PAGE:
Position your arms out in front of you.

Thumbs touch, palms down and slightly out.

FOCUS – Keep standing up straight.

From Swimming

Fig. 7 Arms reaching out

Figure six shows the same person as figure five this time with their arms extended fully and out to the side, the palms still facing down, the hands lower in the water.Fig. 7 Breaststroke Arms reaching outwards

Sweep your hands outward until they are just beyond shoulder width and are an arm’s length apart.

FOCUS – Take it slowly at first checking that everyone id getting it right – then speed up.

From Swimming
From Swimming

Fig. 8 Breaststroke arms scooping in

Figure seven shows the same figure as in figures five and six, here he has dropped his forearm from the elbow – the palms are facing at an angle and into his body as if he is about to scoop the water up.

Rotate the hands inward, begin to bend the elbows back and sweep you hands in drawing an equilateral triangle as your fingertips come together in front of your chest.

FOCUS – Watch your hands – they should always been in front of your shoulders.

From Swimming

Fig. 9 Breaststroke arms ready to push forward

Figure eight shows the same illustration of the person featured in figures five, six and seven with his fingers touching beneath his chest.

Shoot the hands forward just below the surface.

FOCUS – Pause in the starting position which equates with the glide in the swim.

[DETAIL IN RELATION TO THE FIVE FURTHER DRILLS OR EXERCISES TO ADD HERE]

2

3

4

5

After the session take some notes and reflect on how it went.

Run through the narrative – from the timeliness, preparedness and mood of the swimmers, their response to the individual activities, any feedback they gave and outcomes you observed. Think what went well and what did not. Bring any assessment sheets up to date regarding your swimmers in their grade. Add some thoughts on how you would do it differently next time.

Think how you performed. Were you prepared and ready in good time.

  • Were you able to respond flexibly to changing circumstances?
  • How much time did you spend watching the swimmers compared to looking at a lesson plan?
  • Were there any safety issues to consider?
  • What was the tone of the session?
  • Was it fun?
  • Was it effective?
  • Were you in control?
  • Did any one swimmer struggle with how you put over the exercises and drills?
  • Were you clear?
  • Could you be seen and heard by all of them?
  • Did they all understand what you meant?
  • How were drills carried out? How many times did you have to repeat something before they got it right?

What would you share with other teachers about the session you gave?

What tips would you give? What resources would you suggest? Are their tools you would recommend using? How practical is this? Is there a cost involved? How might you put your ideas into a common knowledge pool to share with fellow teachers and coaches?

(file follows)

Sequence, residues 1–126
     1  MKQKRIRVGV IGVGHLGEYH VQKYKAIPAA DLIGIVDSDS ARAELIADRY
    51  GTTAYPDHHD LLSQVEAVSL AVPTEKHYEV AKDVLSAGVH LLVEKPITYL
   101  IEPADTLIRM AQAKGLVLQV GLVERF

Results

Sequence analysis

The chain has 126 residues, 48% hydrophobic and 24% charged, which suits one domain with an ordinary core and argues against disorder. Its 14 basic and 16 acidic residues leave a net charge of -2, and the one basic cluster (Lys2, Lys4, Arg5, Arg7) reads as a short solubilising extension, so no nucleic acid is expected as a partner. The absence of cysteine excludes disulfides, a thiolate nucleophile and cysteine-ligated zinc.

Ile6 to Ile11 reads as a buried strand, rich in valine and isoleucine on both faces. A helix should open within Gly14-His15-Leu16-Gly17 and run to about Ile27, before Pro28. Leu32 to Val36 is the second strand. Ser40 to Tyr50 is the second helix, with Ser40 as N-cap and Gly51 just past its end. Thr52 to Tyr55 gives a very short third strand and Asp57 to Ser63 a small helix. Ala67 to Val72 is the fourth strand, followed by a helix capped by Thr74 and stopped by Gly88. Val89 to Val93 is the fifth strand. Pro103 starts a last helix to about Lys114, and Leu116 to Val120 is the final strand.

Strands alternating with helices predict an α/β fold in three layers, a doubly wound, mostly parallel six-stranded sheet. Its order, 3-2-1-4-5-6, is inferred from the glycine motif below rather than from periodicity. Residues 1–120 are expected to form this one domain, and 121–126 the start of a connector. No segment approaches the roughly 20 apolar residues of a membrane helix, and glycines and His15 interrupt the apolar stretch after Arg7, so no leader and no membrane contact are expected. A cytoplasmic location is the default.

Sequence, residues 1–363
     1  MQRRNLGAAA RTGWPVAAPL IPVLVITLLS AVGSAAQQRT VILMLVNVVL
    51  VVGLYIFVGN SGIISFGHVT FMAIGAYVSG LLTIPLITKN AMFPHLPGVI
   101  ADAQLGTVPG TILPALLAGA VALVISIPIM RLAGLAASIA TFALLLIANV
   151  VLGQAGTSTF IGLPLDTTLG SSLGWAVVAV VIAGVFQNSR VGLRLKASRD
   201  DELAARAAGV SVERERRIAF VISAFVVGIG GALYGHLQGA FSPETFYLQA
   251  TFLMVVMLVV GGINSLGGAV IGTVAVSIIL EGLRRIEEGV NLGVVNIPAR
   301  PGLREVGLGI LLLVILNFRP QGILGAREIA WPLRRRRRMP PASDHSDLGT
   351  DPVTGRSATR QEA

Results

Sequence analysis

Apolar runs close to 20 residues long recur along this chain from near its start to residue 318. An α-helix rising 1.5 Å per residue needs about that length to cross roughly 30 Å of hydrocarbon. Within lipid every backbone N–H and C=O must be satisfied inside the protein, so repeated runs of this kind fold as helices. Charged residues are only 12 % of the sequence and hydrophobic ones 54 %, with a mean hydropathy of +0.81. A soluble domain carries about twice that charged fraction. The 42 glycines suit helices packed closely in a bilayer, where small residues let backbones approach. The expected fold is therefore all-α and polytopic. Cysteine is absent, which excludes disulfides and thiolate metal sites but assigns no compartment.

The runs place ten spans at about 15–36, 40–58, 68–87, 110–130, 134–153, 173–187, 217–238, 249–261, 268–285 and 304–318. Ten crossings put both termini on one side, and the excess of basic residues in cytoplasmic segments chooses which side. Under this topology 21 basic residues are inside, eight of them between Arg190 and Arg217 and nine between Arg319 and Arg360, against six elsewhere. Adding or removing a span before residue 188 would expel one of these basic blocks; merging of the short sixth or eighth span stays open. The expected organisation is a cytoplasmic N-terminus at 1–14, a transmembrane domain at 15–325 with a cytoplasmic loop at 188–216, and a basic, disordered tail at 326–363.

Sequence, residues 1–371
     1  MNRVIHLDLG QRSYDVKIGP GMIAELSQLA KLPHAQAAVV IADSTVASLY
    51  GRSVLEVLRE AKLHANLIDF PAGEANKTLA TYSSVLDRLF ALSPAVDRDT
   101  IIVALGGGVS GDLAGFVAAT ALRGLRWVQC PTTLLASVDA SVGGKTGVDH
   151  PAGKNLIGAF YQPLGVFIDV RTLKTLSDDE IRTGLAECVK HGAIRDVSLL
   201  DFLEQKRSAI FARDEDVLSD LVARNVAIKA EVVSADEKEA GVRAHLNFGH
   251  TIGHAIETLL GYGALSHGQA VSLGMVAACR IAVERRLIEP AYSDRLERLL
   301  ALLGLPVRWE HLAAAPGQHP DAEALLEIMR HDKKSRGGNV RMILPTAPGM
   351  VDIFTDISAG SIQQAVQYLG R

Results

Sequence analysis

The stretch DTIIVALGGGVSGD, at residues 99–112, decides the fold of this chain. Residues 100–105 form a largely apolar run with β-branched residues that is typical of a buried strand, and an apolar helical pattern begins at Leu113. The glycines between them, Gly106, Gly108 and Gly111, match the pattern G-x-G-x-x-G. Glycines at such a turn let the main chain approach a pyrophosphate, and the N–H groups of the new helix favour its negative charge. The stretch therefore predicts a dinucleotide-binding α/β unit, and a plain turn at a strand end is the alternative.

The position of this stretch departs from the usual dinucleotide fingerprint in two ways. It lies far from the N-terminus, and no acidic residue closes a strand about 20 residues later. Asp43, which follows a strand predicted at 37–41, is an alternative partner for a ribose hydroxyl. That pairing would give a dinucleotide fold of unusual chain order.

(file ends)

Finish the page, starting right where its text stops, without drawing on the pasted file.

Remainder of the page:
How might you feed back to the swimmers and or their parents or guardians?

Advanced Insight into an Olympic Swimmer

 

From SwimmingFig. 10 A velocity pattern graph for East German Olympian Silke Horner. Maglischo. (1997)

Figure nine shows a graph on which the vertical axis shows velocity in meters per second. The base figure is zero point four meters per second while the highest figure is two point zero meters per second. The horizontal axis shows time in seconds, starting at zero and rising in increments of zero point two or two tenths of a second up to one second point to, or one second and two tenths.

Across the top of the graph and covering its width there is an illustrative image of a swimmer doing breaststroke. The various actions of the strokes correspond to various points on the axis below to indicate at what point the stroke increases or decreases the velocity of the swimmer through the water.

The competitive breaststroke swimmer knows that they are moving fastest through the water when they kick into the glide. This chart shows the velocity of a former world-record holder set against time shows the peaks and troughs of Silke Horner. Entering the stroke this chart shows how her velocity is at 1.4 meters per second as she enters the ‘catch’ when her hands begin to find purchase on the water, this drops as her arms reach out to 1.2 meters per second, rises as the arms scoop inwards to 1.5 meters per second, drops again as her arms begin to reach forward and the legs are drawn up to 1.2 meters per second, lifts a bit to 1.5 meters then drops right away to the slowest part of the cycle when her legs are tucked up creating resistance and her hands are reaching out to 0.8 meters per second – then, kicking into a streamline glide she accelerates to 1.6 meters. holding this glide for nearly half a second before repeating the cycle.

REFERENCE

Guzman, D (2007) The Swimming Drill Book

Maglischo. E.W. (1997) Swim Fastest

ADDITIONAL RESOURCES

How to do the breaststroke (development)

http://www.youtube.com/watch?v=xH4mV7rRBnE&feature=fvwrel

How to swim breaststroke arms (competitive)